Showcased at Staley-Wise Gallery in beautiful large posthumous prints and in a sumptuous new monograph supervised by Paul Martineau, curator of photographs at the J. Paul Getty Museum in Los Angeles, Smith’s fashion pictures, most of them taken in the ’90s and aughts, offered an alternative to the sex-and-violence sensationalism that juiced fashion photography at that time.
Instead of drawing inspiration from soft-core pornography, Smith found it in classics of cinema (a shot of a man chasing or being chased by a biplane is a quote from Hitchcock’s “North by Northwest”) and painting (a rear view of a nude woman who has taken off the white gown that is the putative focal point of the fashion shot is a riff on Ingres’s “Grande Odalisque”).
Smith, who died in 2016, ensured that every detail was to his liking. The placement of an umbrella-toting man between the gap of the World Trade towers in the distance, the architecture of a model’s wide-brimmed hat and flared skirt against a line of conically pruned conifers — it was all perfect. His greatest inspiration was the wistful whimsy of Magritte. A man wearing a top hat and floating in air above a giant top hat (made of wood and black fabric) in an Italianate topiary garden is worthy of the Surrealist master. ARTHUR LUBOW
Through Oct. 28, Paula Cooper Gallery, 521 West 21st St., Manhattan; 212-255-1105, paulacoopergallery.com.
When in late 1965 Jay DeFeo removed “The Rose” — an abstract painting that weighs almost a ton and remains by far her best-known work — from her San Francisco apartment studio, it was the end of a long-term relationship. To build it, she had slathered and chiseled layer upon layer of thick oil-based paint for eight years. Adding to the upheaval, her marriage was collapsing.
Artistically paralyzed for several years afterward, DeFeo found her way back through a serious engagement with photography that began around 1970. Hardly shown publicly in her lifetime, her remarkable photos are featured in their most extensive exhibition to date, “Inventing Objects,” at Paula Cooper Gallery, and a just-published monograph, “Jay DeFeo: Photographic Work.”
Like Man Ray, whom she admired, DeFeo prized vision and originality over technical proficiency. Like him, too, she explored cameraless photography to compose abstract forms. Some of her photographs were sketches for the acrylic paintings she made post- “Rose,” but most were conceived as independent works.
Her black-and-white photographs, like her typically black-and-white paintings, reveled in geometric patterns she located in landscapes and botanical studies, recalling Californians of the previous generation — Edward Weston, Ansel Adams and especially Imogen Cunningham. She added her own twist, as in juxtaposing veined tropical leaves against a greenhouse glazed grid.
DeFeo loved fragments. She isolated part of a fringed white lampshade against a black wall. She assembled torn-out images to make collages and arranged broken glassware before her camera. Destruction, construction — they were equally beautiful to her. ARTHUR LUBOW
‘Women Reframe American Landscape’
Through Oct. 29. Thomas Cole National Historic Site, Catskill, N.Y.; (518) 943-7465, thomascole.org.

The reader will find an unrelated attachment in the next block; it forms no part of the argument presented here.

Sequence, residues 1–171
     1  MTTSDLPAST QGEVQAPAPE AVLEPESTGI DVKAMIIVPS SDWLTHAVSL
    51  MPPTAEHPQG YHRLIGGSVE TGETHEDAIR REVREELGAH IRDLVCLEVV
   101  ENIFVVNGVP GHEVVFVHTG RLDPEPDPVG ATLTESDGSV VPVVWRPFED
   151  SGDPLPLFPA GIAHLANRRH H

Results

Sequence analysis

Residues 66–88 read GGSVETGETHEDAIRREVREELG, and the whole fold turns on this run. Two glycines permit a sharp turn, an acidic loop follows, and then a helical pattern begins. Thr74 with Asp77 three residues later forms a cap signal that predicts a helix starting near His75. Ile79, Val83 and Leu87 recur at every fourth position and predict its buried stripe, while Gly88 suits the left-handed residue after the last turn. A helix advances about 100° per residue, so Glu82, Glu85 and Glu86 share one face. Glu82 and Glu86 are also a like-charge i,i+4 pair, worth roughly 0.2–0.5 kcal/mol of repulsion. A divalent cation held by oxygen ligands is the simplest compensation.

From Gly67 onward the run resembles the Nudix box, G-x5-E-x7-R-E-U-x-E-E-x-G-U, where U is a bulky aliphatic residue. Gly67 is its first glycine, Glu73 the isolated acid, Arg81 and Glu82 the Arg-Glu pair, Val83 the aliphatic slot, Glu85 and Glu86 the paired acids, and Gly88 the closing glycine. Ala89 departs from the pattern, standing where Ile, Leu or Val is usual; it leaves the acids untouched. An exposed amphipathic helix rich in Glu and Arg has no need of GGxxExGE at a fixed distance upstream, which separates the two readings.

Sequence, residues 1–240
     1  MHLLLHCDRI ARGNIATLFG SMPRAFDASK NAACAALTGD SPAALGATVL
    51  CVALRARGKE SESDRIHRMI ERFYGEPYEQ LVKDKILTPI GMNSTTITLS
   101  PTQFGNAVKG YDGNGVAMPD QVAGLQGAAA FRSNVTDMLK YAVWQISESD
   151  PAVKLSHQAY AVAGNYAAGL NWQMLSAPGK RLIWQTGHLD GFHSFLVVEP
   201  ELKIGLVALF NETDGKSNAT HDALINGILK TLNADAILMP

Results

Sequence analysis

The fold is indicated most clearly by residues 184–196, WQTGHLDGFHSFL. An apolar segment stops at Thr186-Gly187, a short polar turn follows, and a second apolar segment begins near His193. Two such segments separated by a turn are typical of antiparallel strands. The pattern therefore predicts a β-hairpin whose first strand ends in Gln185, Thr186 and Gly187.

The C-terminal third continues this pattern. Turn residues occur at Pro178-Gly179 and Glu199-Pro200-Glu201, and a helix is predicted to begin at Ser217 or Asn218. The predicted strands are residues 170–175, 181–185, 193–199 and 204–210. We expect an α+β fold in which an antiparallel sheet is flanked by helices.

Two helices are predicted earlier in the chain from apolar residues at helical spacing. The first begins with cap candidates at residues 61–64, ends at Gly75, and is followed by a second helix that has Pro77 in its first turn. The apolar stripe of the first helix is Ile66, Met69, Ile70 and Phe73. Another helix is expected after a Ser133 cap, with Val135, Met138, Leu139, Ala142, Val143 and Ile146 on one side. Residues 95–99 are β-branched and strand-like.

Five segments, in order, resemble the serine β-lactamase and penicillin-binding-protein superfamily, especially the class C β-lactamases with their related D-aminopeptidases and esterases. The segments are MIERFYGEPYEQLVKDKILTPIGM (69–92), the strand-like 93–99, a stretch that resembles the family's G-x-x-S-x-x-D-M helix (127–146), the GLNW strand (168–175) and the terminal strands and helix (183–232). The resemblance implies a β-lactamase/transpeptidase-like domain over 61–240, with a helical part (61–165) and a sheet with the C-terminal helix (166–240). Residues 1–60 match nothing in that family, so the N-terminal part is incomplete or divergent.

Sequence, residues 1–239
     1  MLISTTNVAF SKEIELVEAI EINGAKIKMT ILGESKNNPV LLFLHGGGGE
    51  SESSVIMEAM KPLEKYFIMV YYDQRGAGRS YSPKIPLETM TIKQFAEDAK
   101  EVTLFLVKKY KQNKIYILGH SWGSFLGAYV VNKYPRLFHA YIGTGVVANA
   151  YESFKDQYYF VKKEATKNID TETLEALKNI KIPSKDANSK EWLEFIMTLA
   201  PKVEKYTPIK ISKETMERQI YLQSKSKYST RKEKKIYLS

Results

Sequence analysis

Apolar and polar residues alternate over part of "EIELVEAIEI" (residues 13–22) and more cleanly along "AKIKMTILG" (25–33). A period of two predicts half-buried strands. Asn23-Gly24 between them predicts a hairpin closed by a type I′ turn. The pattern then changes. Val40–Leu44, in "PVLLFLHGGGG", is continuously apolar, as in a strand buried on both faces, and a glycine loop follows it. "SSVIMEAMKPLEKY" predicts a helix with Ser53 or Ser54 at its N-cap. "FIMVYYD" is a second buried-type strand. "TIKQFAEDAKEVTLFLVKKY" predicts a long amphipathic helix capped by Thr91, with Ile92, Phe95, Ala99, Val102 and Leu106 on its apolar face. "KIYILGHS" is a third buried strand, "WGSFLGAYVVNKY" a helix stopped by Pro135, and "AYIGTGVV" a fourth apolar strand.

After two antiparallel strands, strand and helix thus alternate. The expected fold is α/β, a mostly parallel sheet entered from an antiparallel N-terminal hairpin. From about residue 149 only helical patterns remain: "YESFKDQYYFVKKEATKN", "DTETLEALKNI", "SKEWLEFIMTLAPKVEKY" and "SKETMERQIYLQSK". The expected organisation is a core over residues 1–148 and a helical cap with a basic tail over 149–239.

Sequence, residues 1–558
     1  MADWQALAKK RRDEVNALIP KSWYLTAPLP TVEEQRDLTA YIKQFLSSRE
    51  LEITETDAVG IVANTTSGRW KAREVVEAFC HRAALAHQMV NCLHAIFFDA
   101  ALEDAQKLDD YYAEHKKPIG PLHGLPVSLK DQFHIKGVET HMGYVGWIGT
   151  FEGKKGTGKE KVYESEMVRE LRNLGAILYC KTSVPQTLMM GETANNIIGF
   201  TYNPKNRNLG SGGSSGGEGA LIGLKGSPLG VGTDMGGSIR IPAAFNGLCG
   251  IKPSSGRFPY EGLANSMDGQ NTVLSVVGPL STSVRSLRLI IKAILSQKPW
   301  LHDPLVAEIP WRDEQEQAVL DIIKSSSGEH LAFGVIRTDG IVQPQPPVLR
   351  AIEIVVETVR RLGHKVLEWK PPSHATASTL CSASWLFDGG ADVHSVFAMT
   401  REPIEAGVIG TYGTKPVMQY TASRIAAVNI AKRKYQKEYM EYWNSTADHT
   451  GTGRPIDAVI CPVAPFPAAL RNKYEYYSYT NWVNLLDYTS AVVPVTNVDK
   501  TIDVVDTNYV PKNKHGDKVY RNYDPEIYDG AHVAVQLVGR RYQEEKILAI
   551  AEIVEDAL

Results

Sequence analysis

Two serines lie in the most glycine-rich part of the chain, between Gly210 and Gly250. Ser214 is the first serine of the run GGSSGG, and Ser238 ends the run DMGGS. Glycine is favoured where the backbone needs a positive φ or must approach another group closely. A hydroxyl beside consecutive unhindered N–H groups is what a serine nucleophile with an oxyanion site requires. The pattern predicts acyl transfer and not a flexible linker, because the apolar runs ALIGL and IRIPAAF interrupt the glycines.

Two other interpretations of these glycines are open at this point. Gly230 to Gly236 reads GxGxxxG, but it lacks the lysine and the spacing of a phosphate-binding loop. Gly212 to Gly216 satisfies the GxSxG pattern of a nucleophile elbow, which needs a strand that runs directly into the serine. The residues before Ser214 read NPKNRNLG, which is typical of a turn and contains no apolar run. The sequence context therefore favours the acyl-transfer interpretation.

A placard on Thomas Cole’s porch marks where the Hudson School patriarch liked to look out at the valley and lament the loss of the wilderness. The irony is that Cole’s fantastic landscapes never quite existed: he wasn’t mourning nature, but the ideal he’d built on it. An exhibition at the Thomas Cole National Historic Site shows the extent to which the idea of landscape has been rethought. His former residence and studio host work by 13 contemporary women and collectives, including Jaune Quick-to-See Smith, Wendy Red Star, and Jean Shin. A poster in the stairwell by the Guerrilla Girls demystifies the Hudson River School’s boys’ club, while Anna Plesset’s trompe l’oeil painting-of-a-painting, Thomas’s autumnal view of the Cole manse as copied by his sister, Sarah, shows the complexity of the Hudson School legacy.
Across the garden, Cole’s old studio houses the first survey of second-generation Hudson River School painter Susie Barstow — which is also the first survey of any female Hudson River School artist — and six landscape painters from her circle. While the men went big, Barstow earned her reputation specializing in the small- and medium-size canvases popular in the last half of the 19th century. A few of her paintings, like the piercing chartreuse “Sunshine in the Woods,” perform the genre’s best trick, depicting not leaves or trunks in a clearing but something more ephemeral: the air itself. In another picture, aptly titled “Landscape With Fading Tree,” a trunk blends into the sky; nature is literally disappearing. TRAVIS DIEHL
More to See
Cold Spring, N.Y.
Through Jan. 8. Magazzino Italian Art, 2700 Route 9, Cold Spring, N.Y.; 845-666-7202, magazzino.art.
Pop Art finally arrived in 1962, when Andy Warhol and 28 playful upstarts, displaying their wares in “New Realists” at the Sidney Janis Gallery, drove Mark Rothko, the master of sober, hovering shapes of color, to leave the gallerist in a pique.
One New Realist must have needled with special force: the proto-punk Mario Schifano. For across the 80 works in his big new exhibition, “Mario Schifano: the Rise of the ’60s,” it becomes obvious that this Italian interpreter of Coca-Cola (a logo he loves to quote) understood the goals of Abstract Expressionism even while he mocked them.